Cybersecurity

special report

Everything You Need to Know About Superbug Heartbleed

A coding flaw in the encryption software that underlies much of the Internet was disclosed on April 7, triggering a scramble as Web administrators tried to fix the problem on sites including Yahoo, Facebook, Tumblr and OKCupid.

Although government websites -- including HealthCare.gov -- appear to have used software that was vulnerable to the Heartbleed bug, all major federal sites avoided exposure, according to the Homeland Security Department. The White House denied speculation that the National Security Agency knew of and exploited Heartbleed.

Although it’s not clear Heartbleed was exploited before it was disclosed to the public, the vulnerability could have allowed hackers to access passwords, chats and other information from websites across the Internet. They also may have accessed information that would enable them to impersonate affected sites that have already implemented the coding patch.  

See our ongoing coverage of the vulnerability below.

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Two Months Later, Heartbleed is Still a Major Issue

June 24 More than 300,000 systems remain affected by Heartbleed.

Who Needs Heartbleed When Many Dot-Govs Don't Even Encrypt Communications?

June 11 26 percent of federal websites lack the proper configuration to thwart attackers from intercepting data entered by citizens, study finds.

Another Heartbleed-Style OpenSSL Vulnerability Discovered

June 6 The new bug SSL/TLS MITM was posted by the OpenSSL group in a formal advisory on Thursday.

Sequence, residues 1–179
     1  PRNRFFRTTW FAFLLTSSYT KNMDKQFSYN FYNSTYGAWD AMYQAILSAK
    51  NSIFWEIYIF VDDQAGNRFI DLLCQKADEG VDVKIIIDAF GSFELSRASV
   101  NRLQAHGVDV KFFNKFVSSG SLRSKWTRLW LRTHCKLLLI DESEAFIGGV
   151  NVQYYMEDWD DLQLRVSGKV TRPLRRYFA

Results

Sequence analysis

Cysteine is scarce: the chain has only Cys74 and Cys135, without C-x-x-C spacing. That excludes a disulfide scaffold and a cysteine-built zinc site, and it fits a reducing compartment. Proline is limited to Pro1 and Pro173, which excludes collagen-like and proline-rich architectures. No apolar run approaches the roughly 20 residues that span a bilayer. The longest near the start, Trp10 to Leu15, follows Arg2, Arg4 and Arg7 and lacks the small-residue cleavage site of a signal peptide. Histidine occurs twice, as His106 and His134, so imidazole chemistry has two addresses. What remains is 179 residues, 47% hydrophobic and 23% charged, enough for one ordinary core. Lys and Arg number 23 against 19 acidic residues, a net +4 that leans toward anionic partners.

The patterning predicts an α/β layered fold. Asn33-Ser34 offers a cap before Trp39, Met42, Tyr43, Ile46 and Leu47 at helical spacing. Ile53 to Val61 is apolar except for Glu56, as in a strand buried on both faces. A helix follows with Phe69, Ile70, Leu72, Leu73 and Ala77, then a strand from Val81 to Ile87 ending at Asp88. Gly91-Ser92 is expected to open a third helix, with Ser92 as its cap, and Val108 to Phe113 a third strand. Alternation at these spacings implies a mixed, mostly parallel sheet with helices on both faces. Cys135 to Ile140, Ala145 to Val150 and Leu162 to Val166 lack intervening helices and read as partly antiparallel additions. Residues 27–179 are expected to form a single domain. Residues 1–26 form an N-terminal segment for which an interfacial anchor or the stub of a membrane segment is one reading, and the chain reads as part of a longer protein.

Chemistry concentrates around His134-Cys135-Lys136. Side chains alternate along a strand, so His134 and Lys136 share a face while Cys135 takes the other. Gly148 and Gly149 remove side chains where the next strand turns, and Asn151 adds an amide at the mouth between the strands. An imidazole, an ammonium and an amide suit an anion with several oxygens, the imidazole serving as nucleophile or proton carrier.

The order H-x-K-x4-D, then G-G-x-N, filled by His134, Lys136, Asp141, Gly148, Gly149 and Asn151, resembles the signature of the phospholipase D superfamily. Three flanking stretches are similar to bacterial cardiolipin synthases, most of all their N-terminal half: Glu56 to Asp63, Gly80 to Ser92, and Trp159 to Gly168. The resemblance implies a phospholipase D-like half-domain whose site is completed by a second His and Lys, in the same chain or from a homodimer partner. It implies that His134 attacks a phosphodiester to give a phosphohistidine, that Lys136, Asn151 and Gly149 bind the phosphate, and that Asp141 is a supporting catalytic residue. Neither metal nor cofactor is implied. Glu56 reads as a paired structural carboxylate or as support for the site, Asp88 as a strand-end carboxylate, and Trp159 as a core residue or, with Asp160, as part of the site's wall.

Heartbleed Superbug Found in Utility Monitoring Systems

May 16 Patches are available to fix the vulnerability.

How Computer Viruses Get Their Names

May 6 From Heartbleed to Koobface, these digital threats get named in a variety of ways.

Feds Would Have a Hard Time Keeping Zero-Days Under Wraps

April 30 The White House has established an interagency process to vet the pros and cons of disclosing future vulnerabilities.

How the NSA Undermines Cybersecurity to Protect You

April 30 As part of its push for mass surveillance, the spy agency has taken steps to sabotage cybersecurity.

Heartbleed Means HealthCare.gov Users Must Reset Passwords

April 19 The online marketplace's homepage directs users to change their login information.

How to Tell If Hackers Are Attacking Your Utility System Through Heartbleed

April 17 DHS issues bulletin listing 14 hallmarks of a Heartbleed breach.

Teen Arrrested for Exploiting Heartbleed to Hack Into Canadian Tax Agency

April 17 Ontario student is the first Heartbleed arrest.

Google Knew About Heartbleed and Didn’t Tell the Government

April 14 Companies may hesitate to cooperate with the feds after NSA surveillance revelations, ACLU technologist says.

Heartbleed Delays Taxes in Canada

April 14 You may want to change your tax software password.

Federal Websites Avoid Heartbleed Risks, DHS Says

April 11 But Akamai systems powering the Obamacare website contained the data-leaking vulnerability.

NSA Reportedly Exploited Heartbleed Bug for Spying Purposes

April 11 Because the agency hasn't already reportedly done enough.

This image taken from a video posted by Internet hackers, Anonymous on the Greek Justice Ministry web site.

U.S. Promises Not to Sue Companies for Discussing Hacks

April 10 Feds want businesses to work together to thwart hackers -- and vulnerabilities like Heartbleed.

The Heartbleed Bug Shows How Fragile the Volunteer-Run Internet Can Be

April 10 It's the worst thing to happen to the Internet since it became a mass medium in the early 2000s, one CEO says.

How to Check If a Site Is Safe From 'Heartbleed'

April 9 Change your password in any case.

What You Need to Know About Heartbleed, the New Security Bug Scaring the Internet

April 9 You'll have to change all of your passwords, and temporarily avoid any site known to be vulnerable.